That’s just one example. But also trying to be aware of who in the classroom is already stepping forward, and who might need some help doing that. Another thing that I talk about is office hours, because I remember when I was a student, I thought you had to have a very specific question or reason to go to office hours. I never felt confident enough in that to go. What I realize now as a teacher is, you don’t have to have any reason. It can be a chance to get to know your professor, or to get some advising. I give students example reasons why they might come to office hours, including just saying, “I wanted to come and chat with you a little bit more and get to know more about your practice, or your thoughts on mine.” And students will come and say that. So I think about these different ways, or just I found this really nice document from Dr. Cynthia Lee, who teaches in the Stanford CS department.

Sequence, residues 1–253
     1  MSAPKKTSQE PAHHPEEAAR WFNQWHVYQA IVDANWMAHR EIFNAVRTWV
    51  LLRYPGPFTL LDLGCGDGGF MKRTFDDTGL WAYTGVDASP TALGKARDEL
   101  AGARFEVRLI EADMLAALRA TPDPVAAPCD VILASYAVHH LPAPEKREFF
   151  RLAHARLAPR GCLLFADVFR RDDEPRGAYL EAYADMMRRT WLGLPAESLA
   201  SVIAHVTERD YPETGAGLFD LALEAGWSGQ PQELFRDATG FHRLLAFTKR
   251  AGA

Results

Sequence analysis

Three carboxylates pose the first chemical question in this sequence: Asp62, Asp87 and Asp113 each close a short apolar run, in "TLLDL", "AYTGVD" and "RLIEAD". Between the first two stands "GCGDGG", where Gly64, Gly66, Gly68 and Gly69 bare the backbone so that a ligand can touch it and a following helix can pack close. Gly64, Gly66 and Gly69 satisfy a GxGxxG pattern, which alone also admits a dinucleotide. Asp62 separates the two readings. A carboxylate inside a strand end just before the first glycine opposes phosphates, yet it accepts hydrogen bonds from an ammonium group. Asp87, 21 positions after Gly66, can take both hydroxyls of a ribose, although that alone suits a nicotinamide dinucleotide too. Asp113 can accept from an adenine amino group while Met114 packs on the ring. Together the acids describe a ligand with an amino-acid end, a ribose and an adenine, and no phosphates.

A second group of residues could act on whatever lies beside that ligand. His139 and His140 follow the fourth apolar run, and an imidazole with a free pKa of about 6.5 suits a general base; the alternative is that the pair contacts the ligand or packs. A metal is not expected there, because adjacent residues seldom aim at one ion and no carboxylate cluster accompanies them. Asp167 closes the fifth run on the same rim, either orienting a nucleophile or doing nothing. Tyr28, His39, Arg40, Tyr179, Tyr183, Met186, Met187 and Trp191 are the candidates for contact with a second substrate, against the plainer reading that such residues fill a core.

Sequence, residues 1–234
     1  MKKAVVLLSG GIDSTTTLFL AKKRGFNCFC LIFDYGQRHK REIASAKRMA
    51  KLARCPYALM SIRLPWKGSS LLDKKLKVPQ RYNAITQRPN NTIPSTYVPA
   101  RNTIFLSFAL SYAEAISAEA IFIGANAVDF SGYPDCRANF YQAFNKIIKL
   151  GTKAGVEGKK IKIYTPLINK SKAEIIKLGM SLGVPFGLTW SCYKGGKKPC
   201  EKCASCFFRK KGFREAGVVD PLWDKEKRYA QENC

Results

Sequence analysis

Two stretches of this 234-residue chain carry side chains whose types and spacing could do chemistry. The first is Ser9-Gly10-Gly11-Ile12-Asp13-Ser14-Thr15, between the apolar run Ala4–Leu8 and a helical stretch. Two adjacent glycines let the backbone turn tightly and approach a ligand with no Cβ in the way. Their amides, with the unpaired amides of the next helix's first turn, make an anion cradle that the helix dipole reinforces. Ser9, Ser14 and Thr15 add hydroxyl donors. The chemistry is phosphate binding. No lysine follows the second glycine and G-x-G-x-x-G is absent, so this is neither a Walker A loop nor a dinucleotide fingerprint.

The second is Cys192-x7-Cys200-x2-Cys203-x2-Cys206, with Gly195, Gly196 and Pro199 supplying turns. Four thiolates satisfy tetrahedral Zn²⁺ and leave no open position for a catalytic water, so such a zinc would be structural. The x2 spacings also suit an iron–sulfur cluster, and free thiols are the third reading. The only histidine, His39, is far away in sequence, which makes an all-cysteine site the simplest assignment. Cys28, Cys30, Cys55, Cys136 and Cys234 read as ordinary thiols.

SK: Yeah. I know her. She’s great.

LM: Oh, that’s awesome. Yeah. It was called: What Can I Do to Create a More Inclusive Classroom? And there’s just this long list of different suggestions. A lot of them were [things like], email those students that are really quiet, or those women, or people of color, that may not consider themselves for an internship or scholarship application, and just say, “Hey, I think you should apply for this.” That sort of thing, I’m trying to think about that as an additional layer on top of just the teaching the code stuff.

SK: Yeah. I really love that. You would think, working with young adults, that everyone would have access to that assumption, and repeating those things are so powerful at all different ages. Teachers are doing it with young kids. But you would think you don’t have to do it with older people, but practicing that is so important.